The State Board of Education met on June 14 to take up a number of agenda items. The board discussed the edTPA teacher certification program, e-rate and other instructional materials, the Permanent School Fund, and new requirements for computer science courses and economics courses. An archive of this hearing can be found here.

This report is intended to give you an overview and highlight of the discussions on the various topics taken up. It is not a verbatim transcript of the discussions but is based upon what was audible or understandable to the observer and the desire to get details out as quickly as possible with few errors or omissions.


Item 1: Public Hearing review of 19 TAC Chapter 230


Panel 1

Jean Streepey, State Board for Educator Certification

  • Teacher preparation landscape is inconsistent; do not currently test on whether they can write and deliver a lesion plan
  • Board approved a pilot of edTPA in 2019; edTPA more closely mirrors the skills teachers need in the classroom
  • Currently teachers take the PPR and 90% pass; burden to teach basic skills is landing on experienced teachers and the district
  • Voted previously 8 to 1 to move forward with edTPA; asks for no action


Dr. Scott Muri, State Board for Educator Certification and Superintendent of Ector County ISD

  • ECISD is one of three districts that operate an educator preparation program
    • Dallas ISD and Houston ISD do as well
  • Use edTPA and have been a part of the pilot program; have seen great results
  • Also supports the Odessa Pathway to Teaching
  • Is a portfolio based program to produce quality teachers in the classroom
  • A third of the education preparation programs in Texas use edTPA; have been successful
  • Will be a three-year rollout; first edTPA will be an option and in 24-25 will have a score of those teachers have completed edTPA
  • Provides two personal anecdotes of their experience with teacher preparation programs


Q&A Panel 1

  • Hardy – Used edTPA as a formative basis? Is part of the problem, should be a formative product
  • Muri – No teachers take it as their certification tool; design program around it
  • Hardy – Why edTPA and not something we create around Texas’ standards; do not like it was created around common core
    • Streepey – Could not get it done internally and was not anything else on the horizon
  • Perez – How are we doing this curriculum with multiple assessments and how did it go to a singular exam?
    • Muri – Current system is performance based and edTPA model makes you demonstrate abilities
    • Muri – Have polled teachers and prefer the edTPA model
  • Young – To what is edTPA aligned to ensure quality teachers? What data is being collected?
    • Muri – Data has been collected since beginning of pilot program; EPPs develop standards that edTPA uses
    • Streepey – These programs need a clear target for teacher skills
  • PĂ©rez-DĂ­az – Believe we need to hold EPP programs more accountable? Program is equitable? Considered requiring as a part of the training process?
    • Muri – Are reports from other states issues with equity, but not in Texas; will get the data to you on the student population involved in the pilot
    • Streepey – TEA will discuss cost tomorrow; Texas pass rates between demographic groups were near parity
    • We have a five-year lag in performance assessments and accountability
  • Cortez – Those asking to veto this item include: AATP, Texas AFT, Raise Your Hand, the Charles Butt Foundation, TSPA, Texas School Counselors Association, and more
  • Cortez – People cannot afford this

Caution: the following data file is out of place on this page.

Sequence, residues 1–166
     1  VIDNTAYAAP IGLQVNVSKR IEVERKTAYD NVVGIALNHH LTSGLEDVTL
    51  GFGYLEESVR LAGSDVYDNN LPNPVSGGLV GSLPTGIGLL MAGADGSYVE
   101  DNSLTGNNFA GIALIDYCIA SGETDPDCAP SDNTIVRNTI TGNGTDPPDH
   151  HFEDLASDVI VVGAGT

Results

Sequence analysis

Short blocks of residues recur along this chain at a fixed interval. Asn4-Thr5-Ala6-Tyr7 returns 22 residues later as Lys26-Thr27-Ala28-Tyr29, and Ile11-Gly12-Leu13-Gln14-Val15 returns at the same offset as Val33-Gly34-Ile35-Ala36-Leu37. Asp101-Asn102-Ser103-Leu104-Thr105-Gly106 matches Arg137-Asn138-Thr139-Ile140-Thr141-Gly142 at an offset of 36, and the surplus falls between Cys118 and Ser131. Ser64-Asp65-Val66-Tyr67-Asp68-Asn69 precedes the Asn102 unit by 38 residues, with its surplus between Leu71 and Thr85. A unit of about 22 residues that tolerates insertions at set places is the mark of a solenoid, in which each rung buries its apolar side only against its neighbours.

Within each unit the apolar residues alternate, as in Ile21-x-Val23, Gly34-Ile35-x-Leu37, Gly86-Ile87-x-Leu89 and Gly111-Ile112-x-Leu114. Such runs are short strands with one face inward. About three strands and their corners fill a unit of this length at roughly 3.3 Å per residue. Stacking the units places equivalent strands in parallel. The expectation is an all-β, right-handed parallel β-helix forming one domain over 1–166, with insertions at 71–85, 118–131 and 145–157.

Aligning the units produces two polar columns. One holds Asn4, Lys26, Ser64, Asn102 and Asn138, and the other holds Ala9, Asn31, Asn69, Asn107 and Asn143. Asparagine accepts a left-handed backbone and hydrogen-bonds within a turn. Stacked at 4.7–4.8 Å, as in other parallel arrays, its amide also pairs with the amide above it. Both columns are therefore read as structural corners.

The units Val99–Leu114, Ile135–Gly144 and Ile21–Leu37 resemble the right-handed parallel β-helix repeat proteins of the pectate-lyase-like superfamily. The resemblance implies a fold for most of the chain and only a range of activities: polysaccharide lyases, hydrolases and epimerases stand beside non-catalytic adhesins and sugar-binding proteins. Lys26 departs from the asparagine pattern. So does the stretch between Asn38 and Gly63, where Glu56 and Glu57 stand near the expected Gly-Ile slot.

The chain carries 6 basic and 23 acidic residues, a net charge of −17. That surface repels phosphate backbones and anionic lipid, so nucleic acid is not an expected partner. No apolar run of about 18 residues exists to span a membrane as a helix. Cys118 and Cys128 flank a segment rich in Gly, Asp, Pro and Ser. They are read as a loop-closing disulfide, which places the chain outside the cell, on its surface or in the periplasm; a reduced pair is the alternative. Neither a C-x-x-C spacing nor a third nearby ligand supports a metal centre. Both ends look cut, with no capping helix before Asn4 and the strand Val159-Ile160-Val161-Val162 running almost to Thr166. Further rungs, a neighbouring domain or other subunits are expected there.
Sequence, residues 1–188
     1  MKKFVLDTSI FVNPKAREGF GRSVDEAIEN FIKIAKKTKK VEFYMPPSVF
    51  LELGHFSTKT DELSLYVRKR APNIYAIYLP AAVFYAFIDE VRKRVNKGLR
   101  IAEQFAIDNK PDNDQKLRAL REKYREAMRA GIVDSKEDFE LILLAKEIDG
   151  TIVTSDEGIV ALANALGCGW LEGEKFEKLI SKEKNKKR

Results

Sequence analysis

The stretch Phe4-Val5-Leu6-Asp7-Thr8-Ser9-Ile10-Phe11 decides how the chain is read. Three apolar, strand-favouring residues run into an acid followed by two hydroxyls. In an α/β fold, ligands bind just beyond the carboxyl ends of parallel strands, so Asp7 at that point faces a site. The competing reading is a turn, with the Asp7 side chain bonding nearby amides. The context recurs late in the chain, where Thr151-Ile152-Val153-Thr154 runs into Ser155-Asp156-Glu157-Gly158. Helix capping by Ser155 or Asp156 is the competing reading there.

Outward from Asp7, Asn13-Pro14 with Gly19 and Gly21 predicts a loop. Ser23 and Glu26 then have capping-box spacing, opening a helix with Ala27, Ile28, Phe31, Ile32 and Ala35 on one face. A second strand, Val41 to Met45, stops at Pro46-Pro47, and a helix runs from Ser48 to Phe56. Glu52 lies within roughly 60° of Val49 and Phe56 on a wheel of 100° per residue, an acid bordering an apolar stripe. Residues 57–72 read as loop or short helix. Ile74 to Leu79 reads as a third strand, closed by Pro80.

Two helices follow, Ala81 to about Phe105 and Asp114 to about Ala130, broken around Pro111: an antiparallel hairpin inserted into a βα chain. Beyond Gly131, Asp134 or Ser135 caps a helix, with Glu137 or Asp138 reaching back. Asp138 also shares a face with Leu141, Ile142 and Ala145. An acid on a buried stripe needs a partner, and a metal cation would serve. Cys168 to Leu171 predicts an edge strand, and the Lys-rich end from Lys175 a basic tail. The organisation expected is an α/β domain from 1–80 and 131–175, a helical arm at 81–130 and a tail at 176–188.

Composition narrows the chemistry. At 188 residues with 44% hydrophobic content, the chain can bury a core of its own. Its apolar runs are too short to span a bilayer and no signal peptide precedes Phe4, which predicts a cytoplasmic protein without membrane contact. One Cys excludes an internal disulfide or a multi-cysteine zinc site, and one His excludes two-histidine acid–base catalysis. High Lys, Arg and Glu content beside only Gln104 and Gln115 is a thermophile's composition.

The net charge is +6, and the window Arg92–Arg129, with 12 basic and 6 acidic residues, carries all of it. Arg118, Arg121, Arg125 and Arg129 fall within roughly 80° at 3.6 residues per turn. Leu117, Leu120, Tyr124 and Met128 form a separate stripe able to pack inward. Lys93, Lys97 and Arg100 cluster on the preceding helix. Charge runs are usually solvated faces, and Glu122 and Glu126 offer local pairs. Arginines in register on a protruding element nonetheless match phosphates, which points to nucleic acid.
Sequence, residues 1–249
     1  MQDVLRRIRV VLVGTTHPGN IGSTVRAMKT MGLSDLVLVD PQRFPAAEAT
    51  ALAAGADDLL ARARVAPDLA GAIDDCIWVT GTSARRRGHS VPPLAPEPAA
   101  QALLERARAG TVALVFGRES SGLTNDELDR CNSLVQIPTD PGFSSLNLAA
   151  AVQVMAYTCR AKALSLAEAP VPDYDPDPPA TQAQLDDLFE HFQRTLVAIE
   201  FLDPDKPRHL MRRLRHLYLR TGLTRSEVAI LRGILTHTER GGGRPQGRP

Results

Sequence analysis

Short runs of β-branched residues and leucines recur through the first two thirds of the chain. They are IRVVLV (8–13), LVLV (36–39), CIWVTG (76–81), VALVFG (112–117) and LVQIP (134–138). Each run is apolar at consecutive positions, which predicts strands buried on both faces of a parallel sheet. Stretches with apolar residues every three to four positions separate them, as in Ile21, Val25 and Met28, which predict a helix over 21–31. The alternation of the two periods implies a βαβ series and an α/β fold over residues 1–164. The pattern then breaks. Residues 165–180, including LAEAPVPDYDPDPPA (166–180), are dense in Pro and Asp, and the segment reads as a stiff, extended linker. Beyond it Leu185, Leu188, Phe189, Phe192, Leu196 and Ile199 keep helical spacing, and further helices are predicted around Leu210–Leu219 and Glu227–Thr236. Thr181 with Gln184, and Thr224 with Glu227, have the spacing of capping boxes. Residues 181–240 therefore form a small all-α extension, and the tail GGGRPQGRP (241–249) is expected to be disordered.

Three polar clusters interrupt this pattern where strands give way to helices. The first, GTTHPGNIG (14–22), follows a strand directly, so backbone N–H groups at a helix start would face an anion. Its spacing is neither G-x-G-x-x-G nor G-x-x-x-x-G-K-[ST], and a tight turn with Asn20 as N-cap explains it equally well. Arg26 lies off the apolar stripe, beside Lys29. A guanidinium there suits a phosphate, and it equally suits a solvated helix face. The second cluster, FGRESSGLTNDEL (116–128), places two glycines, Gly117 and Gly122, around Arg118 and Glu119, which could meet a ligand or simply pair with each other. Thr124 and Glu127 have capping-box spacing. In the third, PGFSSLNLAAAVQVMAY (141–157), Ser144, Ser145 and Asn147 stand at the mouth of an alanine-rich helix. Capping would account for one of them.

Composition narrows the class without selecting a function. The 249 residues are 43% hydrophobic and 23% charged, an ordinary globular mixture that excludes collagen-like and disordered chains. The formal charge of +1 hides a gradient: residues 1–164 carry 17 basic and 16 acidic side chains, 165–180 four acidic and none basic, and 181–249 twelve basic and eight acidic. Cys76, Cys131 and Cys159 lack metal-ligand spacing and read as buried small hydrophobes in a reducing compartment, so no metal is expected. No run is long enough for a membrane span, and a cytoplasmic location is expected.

• PĂ©rez-DĂ­az – How does SBEC handle accountability? How does edTPA affect accountability?
    • Streepey – EPPs are on a schedule that is reviewed every five years
    • Staff – There are two types of accountability metrics; held accountable for their candidate’s performance and their preparation program regularly and then a comprehensive review is conducted every five years
    • Staff – SBEC would add new practices to accommodate edTPA; reviews based on completion rather than quality
  • Maynard – Have concerns from teacher educators who is going to be grading these
  • Bell-Metereau – Effort to push edTPA could be to monetary benefit to those who make the test
  • Robinson – Crediting edTPA to closing the teacher vacancy gap?
    • Muri – No, edTPA is a part of the program and makes the teachers who go through it more desirable
  • Robinson – How did actual scores compare to the national data? What is different with Texas’ implementation?
    • Muri – Will provide that to you; have a six-year pathway rather than all at once
  • Maynard – Would this create a monopoly in this marketplace? Can a better program ever enter the marketplace after?
    • Streepey – We tried to have a group make a Texas exam, but they just wanted to redo the PPR exam
    • There is a related agenda item the Board will talk about at the next meeting
  • Maynard – I will not support this if it creates a monopoly
    • Streepey – At this time, this is the best option we have
  • Young – How may a DOI circumvent the certification process?
    • Streepey – It’s separate from SBEC
  • Young – Is the T-test language the same as edTPA?
    • Streepey – Yes, that speaks to the inconsistencies in our system
  • Hardy – Is it under SBEC jurisdiction to make the decision to allow alternative certifications?
    • Streepey – It doesn’t negate the conversation that we should move everyone in the same direction
  • Chair Ellis – Is there a scenario where edTPA could not be implemented in Chapter 228?
  • Streepey – If it is in 230 ensures everyone is on the same page cost-wise
    • Streepey – If its in 228 do not have a certification exam to give all to students before they are certified teachers
  • Chair Ellis – But if they did it as a part of the curriculum, then they have done it right?
    • Streepey – Might have to ask staff
    • Jessica McLoughlin, TEA Staff – SBEC does not have the authority to establish a specific passing standard for programs for recommendation of a certificate